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Whitmuir Organics*

If you are down this way (from the north, where the mountains are high) or up this way (from the south, where there is only one mountain and therefore much lower, statistically), then call in at the farm up the road from us. If you have kids with you then so much the better, as there are things for them too. As well as a well-stocked farm shop there is a superb restaurant / cafe / coffee shop. Ducks may well follow you around, as probably will Lily the sheepdog, who in the absence of sheep likes to keep her hand in by rounding up the free-range chickens.

Sometimes I cook. I have even been on a one-day Nick Nairn course, which made me into an expert fish cook. Well okay, not an expert… the filleting of that white fish didn’t go particularly well, but you can ask fishmongers (do they still exist?) to do that for you. I did manage to open scallop shells without cutting off my fingers. I also killed a lobster. I didn’t plunge it into boiling water, that isn’t the best way, apparently. No, you don’t want to know… you really don’t.

Where was I?
Sometimes I cook. I am (really!) a dab-hand at small soufflés, but they have never looked as good as those I have made lately with the fresh eggs I get from Whitmuir. They have hens with attitude, I’m told, which is probably why my soufflés rise. Compared to the chef at Whitmuir I am a mere infant, of course.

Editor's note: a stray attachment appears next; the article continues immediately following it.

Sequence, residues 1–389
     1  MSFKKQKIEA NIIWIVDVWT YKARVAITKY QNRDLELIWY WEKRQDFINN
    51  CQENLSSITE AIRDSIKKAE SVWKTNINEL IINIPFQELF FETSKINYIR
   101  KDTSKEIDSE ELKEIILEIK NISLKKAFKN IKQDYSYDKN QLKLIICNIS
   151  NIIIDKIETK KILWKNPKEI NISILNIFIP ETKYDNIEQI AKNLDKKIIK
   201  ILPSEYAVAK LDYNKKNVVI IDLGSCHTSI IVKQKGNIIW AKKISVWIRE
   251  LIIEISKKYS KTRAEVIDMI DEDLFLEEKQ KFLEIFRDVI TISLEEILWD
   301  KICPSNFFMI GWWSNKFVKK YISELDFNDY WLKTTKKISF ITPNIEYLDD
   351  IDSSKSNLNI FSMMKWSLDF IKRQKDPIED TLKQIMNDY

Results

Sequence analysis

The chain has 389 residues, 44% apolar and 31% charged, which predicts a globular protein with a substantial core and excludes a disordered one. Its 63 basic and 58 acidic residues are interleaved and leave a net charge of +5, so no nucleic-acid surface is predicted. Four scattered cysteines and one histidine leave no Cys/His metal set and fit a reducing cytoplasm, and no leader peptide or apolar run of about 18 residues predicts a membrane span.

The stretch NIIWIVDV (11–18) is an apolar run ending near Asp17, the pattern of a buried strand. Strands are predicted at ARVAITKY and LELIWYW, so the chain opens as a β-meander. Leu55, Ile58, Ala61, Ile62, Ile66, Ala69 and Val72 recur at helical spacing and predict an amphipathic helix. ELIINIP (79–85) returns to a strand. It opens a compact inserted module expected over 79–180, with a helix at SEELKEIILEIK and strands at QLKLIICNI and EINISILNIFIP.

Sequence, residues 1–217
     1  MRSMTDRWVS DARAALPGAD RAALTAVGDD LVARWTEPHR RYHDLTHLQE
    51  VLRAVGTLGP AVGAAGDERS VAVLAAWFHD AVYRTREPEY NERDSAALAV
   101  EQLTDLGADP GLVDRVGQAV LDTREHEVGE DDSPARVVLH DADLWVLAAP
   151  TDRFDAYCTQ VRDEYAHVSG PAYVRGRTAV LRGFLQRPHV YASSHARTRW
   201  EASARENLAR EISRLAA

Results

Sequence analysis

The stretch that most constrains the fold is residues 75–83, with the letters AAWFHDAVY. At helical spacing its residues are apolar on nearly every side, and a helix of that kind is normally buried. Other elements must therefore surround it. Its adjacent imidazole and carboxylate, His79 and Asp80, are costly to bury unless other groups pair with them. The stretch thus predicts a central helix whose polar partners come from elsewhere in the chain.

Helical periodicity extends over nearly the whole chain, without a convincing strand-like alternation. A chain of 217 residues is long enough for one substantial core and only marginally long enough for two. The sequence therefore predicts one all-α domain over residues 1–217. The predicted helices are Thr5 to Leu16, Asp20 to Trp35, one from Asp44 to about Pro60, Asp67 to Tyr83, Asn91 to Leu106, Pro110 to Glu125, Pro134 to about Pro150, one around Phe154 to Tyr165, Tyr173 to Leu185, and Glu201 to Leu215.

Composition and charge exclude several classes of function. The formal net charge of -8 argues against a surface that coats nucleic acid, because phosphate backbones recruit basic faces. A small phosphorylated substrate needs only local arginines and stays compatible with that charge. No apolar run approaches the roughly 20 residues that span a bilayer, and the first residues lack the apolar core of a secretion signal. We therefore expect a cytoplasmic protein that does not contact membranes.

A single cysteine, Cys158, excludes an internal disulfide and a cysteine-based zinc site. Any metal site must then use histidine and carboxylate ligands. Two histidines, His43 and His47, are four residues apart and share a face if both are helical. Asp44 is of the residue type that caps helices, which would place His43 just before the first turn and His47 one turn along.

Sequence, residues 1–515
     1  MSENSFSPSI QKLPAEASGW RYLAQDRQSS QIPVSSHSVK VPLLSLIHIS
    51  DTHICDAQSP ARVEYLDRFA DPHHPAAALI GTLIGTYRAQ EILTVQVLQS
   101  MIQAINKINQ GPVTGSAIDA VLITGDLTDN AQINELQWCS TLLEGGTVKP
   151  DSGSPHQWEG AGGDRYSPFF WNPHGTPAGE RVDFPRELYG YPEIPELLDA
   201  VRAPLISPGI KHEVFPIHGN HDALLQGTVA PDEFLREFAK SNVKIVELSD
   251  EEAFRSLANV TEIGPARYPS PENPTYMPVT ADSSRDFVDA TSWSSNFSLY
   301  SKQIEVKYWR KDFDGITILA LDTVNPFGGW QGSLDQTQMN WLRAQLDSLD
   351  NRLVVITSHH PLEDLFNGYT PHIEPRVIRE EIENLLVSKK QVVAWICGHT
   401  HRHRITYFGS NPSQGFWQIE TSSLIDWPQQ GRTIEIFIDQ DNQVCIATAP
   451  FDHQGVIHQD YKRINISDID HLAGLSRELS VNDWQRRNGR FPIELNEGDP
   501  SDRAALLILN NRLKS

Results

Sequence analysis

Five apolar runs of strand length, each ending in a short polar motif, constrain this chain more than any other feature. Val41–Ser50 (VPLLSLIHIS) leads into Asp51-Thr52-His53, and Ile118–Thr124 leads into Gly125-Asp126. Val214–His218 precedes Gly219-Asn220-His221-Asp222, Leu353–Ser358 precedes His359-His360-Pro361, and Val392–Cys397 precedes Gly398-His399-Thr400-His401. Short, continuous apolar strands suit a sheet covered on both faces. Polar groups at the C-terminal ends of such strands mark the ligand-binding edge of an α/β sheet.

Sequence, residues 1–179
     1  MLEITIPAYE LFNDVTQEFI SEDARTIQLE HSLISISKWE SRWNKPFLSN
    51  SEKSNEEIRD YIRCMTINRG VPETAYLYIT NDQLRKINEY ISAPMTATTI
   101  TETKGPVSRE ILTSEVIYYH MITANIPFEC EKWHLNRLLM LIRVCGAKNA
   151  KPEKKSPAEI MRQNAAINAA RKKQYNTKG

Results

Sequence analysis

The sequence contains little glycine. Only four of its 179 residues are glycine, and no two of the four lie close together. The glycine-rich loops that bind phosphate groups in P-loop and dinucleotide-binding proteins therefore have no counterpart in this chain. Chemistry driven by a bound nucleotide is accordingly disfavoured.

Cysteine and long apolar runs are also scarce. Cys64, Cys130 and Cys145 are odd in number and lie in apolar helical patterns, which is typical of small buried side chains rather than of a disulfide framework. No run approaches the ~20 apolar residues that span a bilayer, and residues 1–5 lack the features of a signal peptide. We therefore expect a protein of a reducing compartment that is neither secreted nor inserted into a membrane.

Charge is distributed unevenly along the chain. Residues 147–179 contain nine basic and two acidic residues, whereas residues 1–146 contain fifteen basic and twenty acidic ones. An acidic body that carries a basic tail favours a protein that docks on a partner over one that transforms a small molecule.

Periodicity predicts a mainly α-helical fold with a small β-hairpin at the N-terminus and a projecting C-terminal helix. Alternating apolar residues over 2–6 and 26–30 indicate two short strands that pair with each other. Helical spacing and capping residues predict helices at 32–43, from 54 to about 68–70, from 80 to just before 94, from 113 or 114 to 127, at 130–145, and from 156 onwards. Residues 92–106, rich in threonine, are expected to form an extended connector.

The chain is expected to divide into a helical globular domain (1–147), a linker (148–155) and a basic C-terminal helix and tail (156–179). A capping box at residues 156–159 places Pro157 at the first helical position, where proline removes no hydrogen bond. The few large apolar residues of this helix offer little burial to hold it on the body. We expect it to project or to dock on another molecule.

In a month or so the Princess Royal (Princess Anne to those of us over a certain age) will be dropping in at the farm to look around. She will arrive by helicopter, but that’s not compulsory because you can also visit Whitmuir by car. Let’s hope Lily doesn’t attempt to round up the PR and her protection officers. Stick to the chickens, Lily, there’s a good girl….

* other Whitmuir posts:


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Pussy cat, pussy cat. There, despite Edinburgh airport, go I…

I have been up to London, not to see The Queen but Princess Anne, HRH the Princess Royal, who was holding a garden party to celebrate her 60th birthday. I wasn’t invited, my wife was. I have said before that I am one of those people who gets taken to things as a guest. HRH is the patron of the Royal Caledonian Horticultural Society (The Caley), and Pam is ‘involved’ with them. I used to work in London, and the thought of visiting the place voluntarily, in midsummer, in a suit, held little attraction. The chaos at Edinburgh Airport’s security check-in, clearly incapable of handling summer traffic, despite our arrival 90 minutes before check-in time, did nothing to convince me that the trip was a good thing. We were advised by airport staff to push our way to the front of the zigzag queues, past a hundred-odd waiting (and hissing and booing) passengers. Ever tried that? In some countries we would have been lynched. Edinburgh Airport, get your act together, it was an appalling experience.

Buck House was super. If you want to see how things can be organised to perfection, get on one of these visits. Though if the Queen and the Establishment can’t get it right, I don’t know who can. No photos of course. I’m sure you know what the place looks like.

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